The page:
New Zealand Property Investors' Federation

The NZPIF is the umbrella body for 20 local Property Investors' Associations throughout New Zealand.

(027) 357 9243

www@nzpif.org.nz

News & Updates

Recent updates

18-08-2015

Preliminary findings of the 2015 NZPIF membershship survey

Thank you to the 664 PIA members who took part in the 2015 NZPIF Membership survey.

Canterbury took out the honours for the most members participating with a total of 117. That's about 22% of their members. However Taranaki wins the other prize for the highest percentage of members participating with a whopping 36%. 

Congratulations to these two associations, who each win a full conference ticket to this year's conference in Auckland this October.

Survey results

Rental property

The average number of rental properties owned by respondents was 6.2, while the number of tenancies was 8.6. So it would appear that multi dwelling properties are quite popular, with 31% of respondents having at least one multi dwelling property.

It also appears that our tenants like to stay in our rental properties. The national average length of a tenancy is 9 to 12 months. However tenants of around 1/3rd of respondents had been in their property for up to a year, with another 1/3rd for one to three years and the remaining third for more than 3 years. Nearly 17% of respondents’ tenants had been in their rental property for more than 5 years.

When looking at buying more rental properties, 31.2% said they were either highly or very likely to buy another rental property over the next year. Of the main centres, Waikato respondents were most likely to buy another rental at 44.4%, followed by Canterbury at 39.2%, Wellington at 31.4% (although none of them were highly likely) and Auckland at 28.1%. Otago respondents were least likely to buy more rentals, with 10.3% saying they are highly likely to, but none being very likely to do so.

Only 9.4% of respondents were planning on selling a property, and 17.6% might sell. The vast majority, 73%, were not considering selling any of their rental properties.

Of those who were planning to or considering selling, 5.9% had owned the property for less than 2 years. These respondents would be effected by the proposed Bright Line test coming into force on 1 October. The vast majority (82.2%) of potential rental properties being sold have been owned for more than 5 years. This confirms that rental property owners hold their rental property for the long term.

There were three main reasons for selling rental property. Retirement was the top reason at 28.9%, closely followed by high costs and low rental returns at 28.1%. Personal circumstance were the third main reason at 23.4%.

Increased regulation and risk due to Government intervention was a significant reason for selling rental property at 15.5%.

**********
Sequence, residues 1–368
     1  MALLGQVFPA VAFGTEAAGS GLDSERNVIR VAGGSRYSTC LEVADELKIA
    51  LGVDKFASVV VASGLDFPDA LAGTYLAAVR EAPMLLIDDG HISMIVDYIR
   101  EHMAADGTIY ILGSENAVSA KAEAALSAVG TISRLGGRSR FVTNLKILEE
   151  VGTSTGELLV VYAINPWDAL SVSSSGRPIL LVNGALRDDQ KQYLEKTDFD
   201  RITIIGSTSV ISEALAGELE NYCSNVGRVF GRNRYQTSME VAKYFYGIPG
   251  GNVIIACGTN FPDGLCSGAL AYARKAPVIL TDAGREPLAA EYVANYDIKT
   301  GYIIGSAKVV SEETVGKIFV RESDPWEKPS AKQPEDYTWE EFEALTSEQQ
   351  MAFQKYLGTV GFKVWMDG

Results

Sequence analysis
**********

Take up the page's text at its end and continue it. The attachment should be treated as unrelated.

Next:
Costs in providing rental properties

Respondents spent a total of $12.9m on repairs and maintenance over the past year, which averaged $20,500 per respondent and $3,205 per property. The average spend per property has increased by $653 or 26% over last year's survey.

The largest cost for respondents was debt servicing. Fifty eight percent of respondents who answered the spending question had rental property debt, so 42% of respondents were debt free on their investments.

Respondents with a mortgage spent a combined $25.7m on debt servicing, an average of $82,600 per respondent and $13,650 per property. Using these results, it is estimated that the NZ wide membership spends approximately $289m a year on debt servicing.

Virtually all respondents, 96%, spent money on insurance for their rental property. The average spend per respondent was $10,835 and the average per property $1,790. As this cost affects virtually all rental property owners, members will be looking forward to a newly formed insurance business partnership about to be announced soon.

Thirty eight percent of respondents used a property manager at an average cost of $6,174 per respondent and $1,020 per property.

A full list of spending is in the table below. The results show that the combined membership puts nearly half a billion dollars into the economy each year.

 

Number spending

% Spending

Total spend

Average spend

Average spend per property

Estimated total membership spend

Insurance

511

96%

 $     5,536,463

 $  10,835

 $       1,790

 $     37,920,979

Building materials/ hardware

402

75%

 $     3,139,327

 $     7,809

 $       1,290

 $     27,332,449

Flooring

217

41%

 $        844,486

 $     3,892

 $           643

 $     13,620,742

Debt servicing

311

58%

 $  25,688,226

 $  82,599

 $     13,647

 $   289,095,791

Lawyers

219

41%

 $        819,383

 $     3,741

 $           618

 $     13,095,162

Accountants

410

77%

 $     1,025,080

 $     2,500

 $           413

 $       8,750,683

Property Managers

205

38%

 $     1,265,743

 $     6,174

 $       1,020

 $     21,610,246

Tradesmen

420

79%

 $     4,633,087

 $  11,031

 $       1,823